High-Def Settings for Handbrake

I’ve been using Handbrake to rip films for years – it does a great job – but my preferred settings have evolved over time as I’ve learned from successes and failures on an ever widening digital library. Some key refinements took place when I switched from DVD to Bluray recently, as part of the inexorable move to high-def and the wonderful visual detail that it brings. Here are my settings, with the key elements of rationale behind them.

First up, the outline process: I rip my DVD and Bluray media using MakeMKV, encode using Handbrake, store with Nas4Free, and watch through Kodi.

When ripping, find the main feature and then keep the video track, your preferred audio track (I use the DTS-Core as the DTS-Master is just huge and I don’t have the decoder – or ears – to benefit from it just now), and all of the subtitle tracks (you’ll want all the ones in your own language, and it’s quicker than unchecking each one that you don’t need).

Load it up into Handbrake, and choose the following options:

Output & Picture Settings:


Output Settings:

  • Container: MKV

Picture Settings:

  • Width: match source, usually 1920 for HD films
  • Anamorphic: Loose
  • Modulus: 2
  • Cropping: Automatic

You’ll notice that the source was 1920×1080, but that Handbrake is going to automatically trim a horizontal strip of 140 pixels (or thereabouts, depending on your film) at the top and bottom. Don’t worry, this is expected on an HD film, and will still result in 1080p ouput – it just saves having to encode those black strips all the way through.

Note that the size here has a huge impact on output size. The French film Switch is in 4:3 aspect ratio at 1080p which means that there are no black bars to trim off – there is nearly 50% more screen to cover than usual so the encoded output is proportionately larger.

Filters Settings


  • Decomb: Decomb, Default
  • Everything else is Off

For some very grainy films (read Matt Gadient’s post on de-noising in Handbrake) you might need to adjust the Denoise filter. I found Bourne Legacy to benefit from some denoising – strong spatial and a little temporal denoising did little damage to the final quality but reduced the file size by around 40%.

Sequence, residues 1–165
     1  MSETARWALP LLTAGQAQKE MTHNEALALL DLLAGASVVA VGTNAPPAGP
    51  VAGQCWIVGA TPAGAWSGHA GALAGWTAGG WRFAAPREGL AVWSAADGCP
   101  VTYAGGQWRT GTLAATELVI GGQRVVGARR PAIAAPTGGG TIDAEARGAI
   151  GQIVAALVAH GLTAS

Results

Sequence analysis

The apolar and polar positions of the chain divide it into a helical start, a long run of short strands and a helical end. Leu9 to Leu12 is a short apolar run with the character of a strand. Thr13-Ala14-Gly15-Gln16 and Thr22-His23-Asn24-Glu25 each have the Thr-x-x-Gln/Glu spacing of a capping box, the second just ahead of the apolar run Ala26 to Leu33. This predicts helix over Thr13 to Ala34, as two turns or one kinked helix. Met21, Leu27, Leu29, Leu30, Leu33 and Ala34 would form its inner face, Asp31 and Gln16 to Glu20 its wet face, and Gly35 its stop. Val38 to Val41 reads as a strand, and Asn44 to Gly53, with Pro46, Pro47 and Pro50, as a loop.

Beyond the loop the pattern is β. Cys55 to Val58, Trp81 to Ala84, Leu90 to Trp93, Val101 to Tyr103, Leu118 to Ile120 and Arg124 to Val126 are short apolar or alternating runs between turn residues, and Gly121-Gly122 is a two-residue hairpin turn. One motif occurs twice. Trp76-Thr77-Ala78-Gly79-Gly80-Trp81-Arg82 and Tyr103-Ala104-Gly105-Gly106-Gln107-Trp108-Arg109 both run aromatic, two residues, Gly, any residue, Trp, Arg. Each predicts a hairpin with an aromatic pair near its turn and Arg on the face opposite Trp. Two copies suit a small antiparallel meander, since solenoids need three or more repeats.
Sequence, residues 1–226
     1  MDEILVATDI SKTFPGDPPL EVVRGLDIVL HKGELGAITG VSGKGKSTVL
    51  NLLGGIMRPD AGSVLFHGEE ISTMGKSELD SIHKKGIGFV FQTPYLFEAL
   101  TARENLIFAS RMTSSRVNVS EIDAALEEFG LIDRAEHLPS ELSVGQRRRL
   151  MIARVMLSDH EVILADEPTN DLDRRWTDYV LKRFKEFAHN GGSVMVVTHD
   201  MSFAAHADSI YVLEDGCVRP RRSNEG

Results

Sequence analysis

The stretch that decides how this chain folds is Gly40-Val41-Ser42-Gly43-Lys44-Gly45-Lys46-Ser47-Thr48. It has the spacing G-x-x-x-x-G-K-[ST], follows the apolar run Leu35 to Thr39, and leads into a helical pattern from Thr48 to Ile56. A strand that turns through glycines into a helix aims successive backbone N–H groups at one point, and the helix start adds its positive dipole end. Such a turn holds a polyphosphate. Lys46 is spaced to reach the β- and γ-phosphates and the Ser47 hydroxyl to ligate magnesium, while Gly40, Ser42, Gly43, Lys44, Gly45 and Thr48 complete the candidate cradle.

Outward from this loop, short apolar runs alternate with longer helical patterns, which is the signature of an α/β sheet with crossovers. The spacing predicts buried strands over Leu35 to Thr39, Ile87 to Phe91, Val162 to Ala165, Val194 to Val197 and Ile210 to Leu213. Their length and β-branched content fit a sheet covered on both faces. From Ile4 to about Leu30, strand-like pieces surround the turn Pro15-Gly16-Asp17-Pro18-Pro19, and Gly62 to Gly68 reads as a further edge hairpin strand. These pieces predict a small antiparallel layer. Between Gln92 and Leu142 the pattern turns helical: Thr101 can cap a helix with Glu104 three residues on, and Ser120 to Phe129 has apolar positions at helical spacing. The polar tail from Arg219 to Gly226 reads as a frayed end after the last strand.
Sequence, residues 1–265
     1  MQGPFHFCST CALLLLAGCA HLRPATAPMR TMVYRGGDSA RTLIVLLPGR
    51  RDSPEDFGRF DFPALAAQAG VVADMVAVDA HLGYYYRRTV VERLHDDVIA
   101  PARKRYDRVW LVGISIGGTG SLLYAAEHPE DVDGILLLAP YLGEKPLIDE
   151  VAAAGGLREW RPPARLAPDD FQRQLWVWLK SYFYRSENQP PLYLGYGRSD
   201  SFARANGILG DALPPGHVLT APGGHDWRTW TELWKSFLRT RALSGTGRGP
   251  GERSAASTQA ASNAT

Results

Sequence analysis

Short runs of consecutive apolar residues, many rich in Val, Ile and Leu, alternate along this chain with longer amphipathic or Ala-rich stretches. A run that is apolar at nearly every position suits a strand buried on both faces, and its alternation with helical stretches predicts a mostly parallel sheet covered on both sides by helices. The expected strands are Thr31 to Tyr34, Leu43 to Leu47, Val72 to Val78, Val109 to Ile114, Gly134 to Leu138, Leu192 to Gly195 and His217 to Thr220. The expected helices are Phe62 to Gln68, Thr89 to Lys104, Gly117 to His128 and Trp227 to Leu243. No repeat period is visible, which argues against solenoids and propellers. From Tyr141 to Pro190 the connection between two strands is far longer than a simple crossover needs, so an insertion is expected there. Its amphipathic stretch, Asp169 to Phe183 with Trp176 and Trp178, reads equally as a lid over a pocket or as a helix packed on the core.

Video Settings


  • Video Codec: H.264
  • Framerate: As source
  • Constant Quality: 21
  • x264 Preset: Very Fast
  • x264 Tune: Film (adjust to suit media)
  • H.264 Profile: High
  • H.264 Level: 4.1

Two things that might be contentious here.

First of all the RF setting of 21. I used to encode DVDs with a much lower (higher quality) rate factor, but with the extra detail of a high-def source it just doesn’t seem to need it, and RF 21 is a fair balance on file size for me too. Adjust to taste I guess.

The second contention is the x264 preset of Very Fast. This turns off lots of the x264 features that are designed to enable better quality & smaller file size at the expense of encoding speed. The trouble is, after extensive testing on a variety of films, I just didn’t find the trade-off worthwhile. Very Fast – uniquely – seems to hit the quality point bang on, often gets the best compression of all the presets, and (of course) is pretty nippy.

Audio Settings


  • Add the DTS-Core track with these settings:
    • Codec: AC3
    • Bitrate: 448
    • Mixdown: 5.1 Channels
  • Add the DTS-Core track again with these settings:
    • Codec: AAC (avcodec)
    • Bitrate: 160
    • Mixdown: Dolby Pro Logic II

I add an AC3 and an AAC sound track as whilst we mainly watch films on our media systems that can handle AC3, sometimes other family members want to watch on “less enabled” devices.

Subtitles Settings


  • Add a suitable subtitle track for your preferred language, leave all options unticked

This would correspond to just the second row in the screenshot above. Why did I add the first? This was from an encode of The Bourne Ultimatum which has those teletype overlays telling you the location of a spy setting (e.g. “Moscow, Russia”). I wanted to have these shown, but not the full subtitling. It turned out for this source that rather than using the “Forced” flag to identify these, a separate subtitle track (track 28) had been provided and set as default. I used VLC Player to determine which track I wanted – just played the relevant section through with each of the subtitle tracks.


I’m getting output of around 3.5GB for a 2hr film – that’s 1080p and and AC3 soundtrack which is perfect for my combination of playback kit.

I hope these settings may be of use to others!


3 thoughts on “High-Def Settings for Handbrake

  1. I do not recommend H.264 Level: 4.1. If you have a television with the built in Plex app and it has a recommend H.264 Level that’s less than 4.1 (typically 4.0), you will not be able to play any videos encoded @ 4.1

    I recommend putting it at 4.0 for better compatibility. Now, if you KNOW your 1 and only TV can handle 4.1+, then sure. I have 4 TVs in my house of various ages. I learned this the hard way after already converting about 30 Blurays using 4.1. Not one would play on the TV in our exercise room.

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